So all of these factors set up a need, both in academia and in the church. We needed a commentary that could show the flow of the poetry in Lamentations while also showing scholars and pastors the uniqueness of each line of poetry and how each line uniquely contributes to that flow. We needed a commentary that could synthesize the plethora of scholarly research and show how it can enhance our exegesis and theology of Lamentations. We needed a commentary that could situate the role of Lamentations in biblical theology, to make a case for how the church can legitimately live out its message. My hope is that my commentary will help to synthesize the flow and detail of the book, show its role in biblical theology, and explain its practicality in a variety of unique ways. I hope even my comments above illustrate my endeavor to show how Lamentations—on a variety of levels—sets forth a theology of how we fundamentally understand, respond to, and live in exile, which was set in motion in 586 B.C. but continues in our day as well (cf. 1 Pet. 1:1; 2:11).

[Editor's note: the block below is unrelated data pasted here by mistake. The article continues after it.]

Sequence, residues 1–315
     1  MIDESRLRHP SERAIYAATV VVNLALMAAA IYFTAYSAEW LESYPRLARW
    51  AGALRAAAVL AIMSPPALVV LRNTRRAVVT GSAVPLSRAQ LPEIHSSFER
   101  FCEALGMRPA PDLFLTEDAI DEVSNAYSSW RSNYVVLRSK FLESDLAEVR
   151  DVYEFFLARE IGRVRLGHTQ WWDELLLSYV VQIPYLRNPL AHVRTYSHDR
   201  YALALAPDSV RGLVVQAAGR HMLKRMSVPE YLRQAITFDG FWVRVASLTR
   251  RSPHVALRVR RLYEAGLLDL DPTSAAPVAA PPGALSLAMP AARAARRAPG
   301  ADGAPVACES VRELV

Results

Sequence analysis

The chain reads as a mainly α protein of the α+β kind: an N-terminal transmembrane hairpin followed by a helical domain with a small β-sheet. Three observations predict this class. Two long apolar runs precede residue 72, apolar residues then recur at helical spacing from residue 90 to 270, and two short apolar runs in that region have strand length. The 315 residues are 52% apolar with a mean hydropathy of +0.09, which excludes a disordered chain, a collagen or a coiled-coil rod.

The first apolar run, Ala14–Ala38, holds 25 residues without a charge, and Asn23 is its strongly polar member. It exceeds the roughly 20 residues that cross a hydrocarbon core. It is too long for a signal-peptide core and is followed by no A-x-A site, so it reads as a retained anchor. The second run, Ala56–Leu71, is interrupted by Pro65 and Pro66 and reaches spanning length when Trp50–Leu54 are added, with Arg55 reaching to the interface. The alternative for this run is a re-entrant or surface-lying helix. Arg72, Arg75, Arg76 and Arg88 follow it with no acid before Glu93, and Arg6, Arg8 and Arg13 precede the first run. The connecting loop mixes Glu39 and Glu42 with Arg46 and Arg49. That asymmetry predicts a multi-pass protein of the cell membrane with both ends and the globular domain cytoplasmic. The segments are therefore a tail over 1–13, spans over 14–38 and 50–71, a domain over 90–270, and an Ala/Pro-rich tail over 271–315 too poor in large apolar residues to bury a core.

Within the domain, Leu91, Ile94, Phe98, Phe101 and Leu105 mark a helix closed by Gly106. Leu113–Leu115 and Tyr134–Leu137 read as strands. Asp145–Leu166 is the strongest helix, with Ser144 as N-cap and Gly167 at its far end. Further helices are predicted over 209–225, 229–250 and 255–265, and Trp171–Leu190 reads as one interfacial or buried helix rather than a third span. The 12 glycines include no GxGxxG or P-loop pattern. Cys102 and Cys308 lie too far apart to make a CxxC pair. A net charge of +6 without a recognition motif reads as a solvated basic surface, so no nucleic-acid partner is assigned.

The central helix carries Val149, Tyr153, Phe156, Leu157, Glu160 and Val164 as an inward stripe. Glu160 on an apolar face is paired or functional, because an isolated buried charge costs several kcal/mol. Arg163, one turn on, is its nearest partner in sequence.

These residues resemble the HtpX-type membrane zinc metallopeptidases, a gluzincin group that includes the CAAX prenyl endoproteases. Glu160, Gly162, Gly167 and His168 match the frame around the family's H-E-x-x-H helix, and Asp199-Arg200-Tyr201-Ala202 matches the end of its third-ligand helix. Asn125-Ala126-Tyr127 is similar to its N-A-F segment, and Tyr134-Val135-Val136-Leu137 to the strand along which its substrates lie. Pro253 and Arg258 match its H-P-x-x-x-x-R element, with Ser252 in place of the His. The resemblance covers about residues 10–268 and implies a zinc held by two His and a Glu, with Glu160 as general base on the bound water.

What are you currently working on these days?